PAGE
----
Biotite/Muscovite Preparation for Step Heating Analysis
The department is equipped with mineral separation facilities. We can process your sample if it cannot be done at your facility. Just be aware that there is a fee for this work (see Fees). Some general guidelines are given here regarding sample processing and treatment, size fractions needed, and amount of material needed for 40Ar/39Ar analysis; please feel free to contact us for more detailed information prior to sending your samples.

NOTE: The ideal sample is as coarse in grain size as possible. After irradiation very fine grained separates become radioactive powder and present serious concerns for contamination in the lab.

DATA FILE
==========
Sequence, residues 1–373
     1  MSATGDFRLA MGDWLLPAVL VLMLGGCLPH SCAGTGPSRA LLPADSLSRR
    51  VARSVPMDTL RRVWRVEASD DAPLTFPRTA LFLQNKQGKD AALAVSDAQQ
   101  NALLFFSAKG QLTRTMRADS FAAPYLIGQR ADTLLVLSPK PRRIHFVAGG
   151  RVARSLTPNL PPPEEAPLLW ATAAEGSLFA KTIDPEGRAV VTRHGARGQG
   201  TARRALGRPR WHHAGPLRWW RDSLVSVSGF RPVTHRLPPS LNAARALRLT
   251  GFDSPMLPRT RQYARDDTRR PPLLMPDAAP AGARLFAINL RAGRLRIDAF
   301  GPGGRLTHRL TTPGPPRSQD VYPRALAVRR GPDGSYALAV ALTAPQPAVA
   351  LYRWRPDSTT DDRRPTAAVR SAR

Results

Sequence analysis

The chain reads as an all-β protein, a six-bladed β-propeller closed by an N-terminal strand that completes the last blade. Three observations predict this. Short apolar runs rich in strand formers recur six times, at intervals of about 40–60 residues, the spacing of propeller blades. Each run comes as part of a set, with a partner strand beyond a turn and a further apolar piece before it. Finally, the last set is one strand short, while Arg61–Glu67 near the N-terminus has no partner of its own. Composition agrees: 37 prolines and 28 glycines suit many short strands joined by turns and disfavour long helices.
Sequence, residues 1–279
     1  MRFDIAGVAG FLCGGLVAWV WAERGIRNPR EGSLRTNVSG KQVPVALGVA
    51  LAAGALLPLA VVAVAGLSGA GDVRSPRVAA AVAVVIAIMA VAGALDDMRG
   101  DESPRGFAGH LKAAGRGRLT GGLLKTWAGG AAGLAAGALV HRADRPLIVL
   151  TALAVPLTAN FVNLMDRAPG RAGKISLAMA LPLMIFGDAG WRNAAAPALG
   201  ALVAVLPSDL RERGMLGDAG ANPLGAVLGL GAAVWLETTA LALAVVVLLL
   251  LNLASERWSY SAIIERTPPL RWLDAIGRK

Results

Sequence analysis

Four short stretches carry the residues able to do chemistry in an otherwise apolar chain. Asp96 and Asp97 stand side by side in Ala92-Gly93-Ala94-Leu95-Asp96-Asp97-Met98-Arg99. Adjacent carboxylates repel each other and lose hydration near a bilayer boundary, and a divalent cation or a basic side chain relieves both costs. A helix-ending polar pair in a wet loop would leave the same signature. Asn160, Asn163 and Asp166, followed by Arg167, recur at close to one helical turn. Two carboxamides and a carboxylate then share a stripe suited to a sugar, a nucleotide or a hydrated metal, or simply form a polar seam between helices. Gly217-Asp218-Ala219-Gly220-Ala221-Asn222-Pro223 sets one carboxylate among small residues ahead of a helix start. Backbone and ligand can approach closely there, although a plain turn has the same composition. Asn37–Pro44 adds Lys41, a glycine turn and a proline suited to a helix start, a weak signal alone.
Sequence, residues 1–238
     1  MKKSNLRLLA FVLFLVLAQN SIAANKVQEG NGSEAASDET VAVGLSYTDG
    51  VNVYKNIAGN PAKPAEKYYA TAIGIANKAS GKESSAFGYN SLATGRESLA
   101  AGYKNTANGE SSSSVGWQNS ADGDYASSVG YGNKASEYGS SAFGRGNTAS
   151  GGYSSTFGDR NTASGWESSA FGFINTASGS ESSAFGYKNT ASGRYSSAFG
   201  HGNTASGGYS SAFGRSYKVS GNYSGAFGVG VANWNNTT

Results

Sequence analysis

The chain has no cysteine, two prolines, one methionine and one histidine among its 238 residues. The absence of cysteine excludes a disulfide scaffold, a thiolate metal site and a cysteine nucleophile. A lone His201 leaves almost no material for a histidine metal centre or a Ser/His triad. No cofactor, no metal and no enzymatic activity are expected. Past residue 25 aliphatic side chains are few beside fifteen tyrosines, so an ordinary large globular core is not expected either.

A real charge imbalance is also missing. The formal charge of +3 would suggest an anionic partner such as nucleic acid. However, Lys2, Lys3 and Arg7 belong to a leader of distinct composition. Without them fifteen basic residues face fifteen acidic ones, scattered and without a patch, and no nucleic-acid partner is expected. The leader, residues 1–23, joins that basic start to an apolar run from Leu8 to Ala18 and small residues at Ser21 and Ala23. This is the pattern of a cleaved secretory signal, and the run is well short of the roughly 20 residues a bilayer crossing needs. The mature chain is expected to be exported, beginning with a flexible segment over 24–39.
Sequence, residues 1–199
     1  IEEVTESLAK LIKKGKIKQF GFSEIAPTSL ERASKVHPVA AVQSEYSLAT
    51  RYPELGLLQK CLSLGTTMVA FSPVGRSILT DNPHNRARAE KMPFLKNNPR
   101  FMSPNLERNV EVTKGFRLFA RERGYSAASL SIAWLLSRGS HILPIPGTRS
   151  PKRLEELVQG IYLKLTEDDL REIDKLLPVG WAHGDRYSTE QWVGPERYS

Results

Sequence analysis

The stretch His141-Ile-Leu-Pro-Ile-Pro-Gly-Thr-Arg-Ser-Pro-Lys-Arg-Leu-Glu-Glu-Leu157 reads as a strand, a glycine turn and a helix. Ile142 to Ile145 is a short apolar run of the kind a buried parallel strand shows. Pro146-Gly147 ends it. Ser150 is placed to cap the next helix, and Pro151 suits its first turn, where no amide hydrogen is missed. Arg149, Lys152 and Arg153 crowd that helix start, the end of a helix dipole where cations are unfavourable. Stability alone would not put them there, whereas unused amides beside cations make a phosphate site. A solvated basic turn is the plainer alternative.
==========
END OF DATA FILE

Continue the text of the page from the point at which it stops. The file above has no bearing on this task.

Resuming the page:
The general rule is that the coarsest size fraction which can be separated from your rock without composite (multi-mineralic) grains is desirable. Coarse material is easier to handle and less dangerous after it has been irradiated. Pure mineral separates are critical. Coarse-grained samples may often be most easily separated by hand picking under a binocular microscope. Samples separated using heavy liquids such as bromoform must be rinsed thoroughly in acetone afterwards to avoid potential contamination of our vacuum system. Zapping the mineral separates in acetone followed by distilled water in an ultrasonic bath will aid in final cleanup also. We need approximately 50-100 mg of a typical mineral separate for analysis. Biotite (~3.0-3.1 G) may be settled out of your heavy liquid and removed by using a S.G. of ~3.10, this will leave muscovite and other lighter minerals floating. Muscovite (~2.8-3.0 G) can then be settled out by reducing the G of your heavy liquid to ~3.0, this will basically leave quartz and feldspars floating. Note that if you have a rock with only biotite or muscovite in it they can sometimes be separated easily by the "paper shaking" technique. Micas will be in the size range 200-500 Ám in many rocks.